A man linked to one of the most notorious organized crime rings in Israel and who on his own operated “a vast international criminal conspiracy engaged in drug trafficking and money laundering” according to federal authorities has been sentenced to 384 months in federal prison.
Moshe Matsri, 48, was found guilty by a federal jury last October of conspiracy to commit money laundering, conspiracy to distribute at least five kilograms of cocaine, eight counts of money laundering, attempted distribution of at least five kilograms of cocaine, attempted possession with intent to distribute at least five kilograms of cocaine and conspiracy to commit extortion. He was convicted pursuant to a grand jury indictment that outlined Matsri’s role as leader of an organized crime enterprise that engaged in criminal behavior, including laundering money for narcotics traffickers.
Matsri, who is also known as “Moshe the Religious”, is a well-known crime figure in the San Fernando Valley, and has significant ties to the Abergil organized crime family, which is based in Israel and also operates internationally.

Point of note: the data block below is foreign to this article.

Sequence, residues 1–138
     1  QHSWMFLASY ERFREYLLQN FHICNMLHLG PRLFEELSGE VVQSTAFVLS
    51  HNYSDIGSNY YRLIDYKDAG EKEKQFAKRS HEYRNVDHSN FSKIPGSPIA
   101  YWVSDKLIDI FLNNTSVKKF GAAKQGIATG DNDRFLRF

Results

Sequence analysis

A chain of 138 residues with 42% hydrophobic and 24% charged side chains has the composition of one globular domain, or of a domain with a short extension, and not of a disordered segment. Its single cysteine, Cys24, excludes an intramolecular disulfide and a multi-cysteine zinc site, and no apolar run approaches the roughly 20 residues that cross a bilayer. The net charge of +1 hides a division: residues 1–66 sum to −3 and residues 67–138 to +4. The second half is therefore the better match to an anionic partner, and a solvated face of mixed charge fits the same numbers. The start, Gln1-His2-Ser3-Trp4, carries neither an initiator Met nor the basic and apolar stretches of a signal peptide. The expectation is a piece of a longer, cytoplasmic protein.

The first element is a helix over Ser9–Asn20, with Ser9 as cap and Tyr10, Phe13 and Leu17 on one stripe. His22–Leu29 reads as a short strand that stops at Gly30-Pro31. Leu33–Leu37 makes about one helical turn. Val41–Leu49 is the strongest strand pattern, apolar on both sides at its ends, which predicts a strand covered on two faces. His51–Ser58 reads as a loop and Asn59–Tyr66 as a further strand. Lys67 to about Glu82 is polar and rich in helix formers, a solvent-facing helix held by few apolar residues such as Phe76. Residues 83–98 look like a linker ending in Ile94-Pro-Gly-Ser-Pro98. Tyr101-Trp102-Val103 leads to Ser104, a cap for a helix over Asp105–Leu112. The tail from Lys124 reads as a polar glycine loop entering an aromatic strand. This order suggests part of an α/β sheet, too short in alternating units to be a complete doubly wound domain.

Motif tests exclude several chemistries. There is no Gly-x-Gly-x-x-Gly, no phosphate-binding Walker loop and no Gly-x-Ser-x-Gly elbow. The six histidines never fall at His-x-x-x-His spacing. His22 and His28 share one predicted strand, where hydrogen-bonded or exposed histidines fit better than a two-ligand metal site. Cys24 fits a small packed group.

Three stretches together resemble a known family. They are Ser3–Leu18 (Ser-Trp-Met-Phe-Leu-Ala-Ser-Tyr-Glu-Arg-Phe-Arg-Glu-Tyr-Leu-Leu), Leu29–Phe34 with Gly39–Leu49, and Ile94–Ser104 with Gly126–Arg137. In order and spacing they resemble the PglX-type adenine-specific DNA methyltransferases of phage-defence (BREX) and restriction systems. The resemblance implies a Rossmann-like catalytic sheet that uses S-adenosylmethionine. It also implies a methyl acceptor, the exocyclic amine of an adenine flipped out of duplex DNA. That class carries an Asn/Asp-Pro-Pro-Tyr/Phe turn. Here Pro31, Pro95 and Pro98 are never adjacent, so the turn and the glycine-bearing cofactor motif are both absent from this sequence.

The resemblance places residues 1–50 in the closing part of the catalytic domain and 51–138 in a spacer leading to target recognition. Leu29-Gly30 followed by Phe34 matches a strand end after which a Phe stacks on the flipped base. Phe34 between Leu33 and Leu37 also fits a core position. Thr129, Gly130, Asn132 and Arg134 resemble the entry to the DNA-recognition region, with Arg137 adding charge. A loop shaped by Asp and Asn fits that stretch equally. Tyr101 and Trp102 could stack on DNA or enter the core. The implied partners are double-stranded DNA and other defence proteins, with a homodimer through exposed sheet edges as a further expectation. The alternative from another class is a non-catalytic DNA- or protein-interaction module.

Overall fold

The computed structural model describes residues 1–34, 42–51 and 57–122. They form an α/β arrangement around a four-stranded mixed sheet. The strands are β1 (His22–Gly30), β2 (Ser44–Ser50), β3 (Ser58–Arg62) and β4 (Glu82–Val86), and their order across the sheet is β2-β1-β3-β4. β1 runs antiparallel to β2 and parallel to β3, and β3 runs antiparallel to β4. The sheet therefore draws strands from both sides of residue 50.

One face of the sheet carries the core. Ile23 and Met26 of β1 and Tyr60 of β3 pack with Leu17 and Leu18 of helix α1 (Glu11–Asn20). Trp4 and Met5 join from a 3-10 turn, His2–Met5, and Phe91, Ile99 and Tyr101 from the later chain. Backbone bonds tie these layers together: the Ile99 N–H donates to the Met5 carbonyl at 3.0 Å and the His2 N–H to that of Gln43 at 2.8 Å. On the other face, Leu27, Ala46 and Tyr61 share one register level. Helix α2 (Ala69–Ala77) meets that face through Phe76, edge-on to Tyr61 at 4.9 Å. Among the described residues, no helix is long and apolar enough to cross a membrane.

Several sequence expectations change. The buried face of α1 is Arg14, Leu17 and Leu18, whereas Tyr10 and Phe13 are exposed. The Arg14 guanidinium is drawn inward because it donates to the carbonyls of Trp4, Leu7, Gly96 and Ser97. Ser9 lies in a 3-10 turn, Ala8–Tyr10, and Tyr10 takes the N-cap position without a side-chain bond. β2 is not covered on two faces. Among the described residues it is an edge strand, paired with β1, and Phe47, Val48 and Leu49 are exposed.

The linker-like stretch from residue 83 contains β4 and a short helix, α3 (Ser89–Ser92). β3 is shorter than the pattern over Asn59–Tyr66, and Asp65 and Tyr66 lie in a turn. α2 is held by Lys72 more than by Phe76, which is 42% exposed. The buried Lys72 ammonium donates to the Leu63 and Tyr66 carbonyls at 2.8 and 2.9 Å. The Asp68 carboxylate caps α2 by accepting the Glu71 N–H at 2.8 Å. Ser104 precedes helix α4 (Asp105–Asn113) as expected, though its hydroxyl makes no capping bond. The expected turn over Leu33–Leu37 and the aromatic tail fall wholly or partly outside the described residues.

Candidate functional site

Matsri was found guilty following a two-week trial that also led to the conviction of Shay Paniry, 36, of Studio City, on drug trafficking, money laundering and extortion charges. Paniry has been sentenced to 210 months in federal prison.
Matsri and Paniry have been in custody since July 12, 2013, when they and several co-defendants were arrested as the result of an investigation by the Drug Enforcement Administration, the Federal Bureau of Investigation and the Los Angeles Police Department.
The evidence presented at trial showed that Matsri agreed to help two undercover agents who he thought they were a Colombian drug trafficker and his Los Angeles-based associate transport what he believed to be cocaine from Los Angeles to Utah in a car with a hidden trap compartment, and collect what he believed to be a $40,000 drug debt using vandalism and threats of violence. Matsri also developed a plan to ship 20 kilograms of cocaine from Panama to Israel, and he paid $79,500 in cash for his share of the deal. Furthermore, Matsri proposed a deal to purchase 100 kilograms of cocaine on credit in Los Angeles for sale in New York — a deal that culminated in his arrest nearly two years ago.
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